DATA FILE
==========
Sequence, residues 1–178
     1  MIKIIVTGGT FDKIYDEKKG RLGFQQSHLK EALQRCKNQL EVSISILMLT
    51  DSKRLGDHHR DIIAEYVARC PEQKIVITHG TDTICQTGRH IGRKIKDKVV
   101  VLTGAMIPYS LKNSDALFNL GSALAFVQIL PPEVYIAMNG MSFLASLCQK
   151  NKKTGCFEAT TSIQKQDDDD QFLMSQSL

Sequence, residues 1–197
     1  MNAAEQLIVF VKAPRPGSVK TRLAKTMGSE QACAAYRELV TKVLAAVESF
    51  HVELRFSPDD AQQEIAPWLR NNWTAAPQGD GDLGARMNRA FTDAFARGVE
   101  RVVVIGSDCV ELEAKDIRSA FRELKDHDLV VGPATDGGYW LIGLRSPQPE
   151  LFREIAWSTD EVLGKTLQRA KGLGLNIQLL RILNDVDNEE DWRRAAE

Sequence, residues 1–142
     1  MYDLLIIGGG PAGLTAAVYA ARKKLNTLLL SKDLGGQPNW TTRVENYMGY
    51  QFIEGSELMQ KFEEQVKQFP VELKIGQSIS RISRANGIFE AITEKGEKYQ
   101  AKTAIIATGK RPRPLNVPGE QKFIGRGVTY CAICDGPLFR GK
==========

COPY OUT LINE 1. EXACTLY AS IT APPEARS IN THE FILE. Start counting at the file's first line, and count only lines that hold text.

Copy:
Sequence, residues 1–178